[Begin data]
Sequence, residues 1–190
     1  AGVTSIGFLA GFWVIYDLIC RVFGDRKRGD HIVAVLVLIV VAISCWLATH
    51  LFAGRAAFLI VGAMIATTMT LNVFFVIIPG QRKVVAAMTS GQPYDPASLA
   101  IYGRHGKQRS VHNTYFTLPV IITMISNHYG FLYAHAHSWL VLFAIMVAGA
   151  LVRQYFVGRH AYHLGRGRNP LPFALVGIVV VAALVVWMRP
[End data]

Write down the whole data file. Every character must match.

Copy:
Sequence, residues 1–190
     1  AGVTSIGFLA GFWVIYDLIC RVFGDRKRGD HIVAVLVLIV VAISCWLATH
    51  LFAGRAAFLI VGAMIATTMT LNVFFVIIPG QRKVVAAMTS GQPYDPASLA
   101  IYGRHGKQRS VHNTYFTLPV IITMISNHYG FLYAHAHSWL VLFAIMVAGA
   151  LVRQYFVGRH AYHLGRGRNP LPFALVGIVV VAALVVWMRP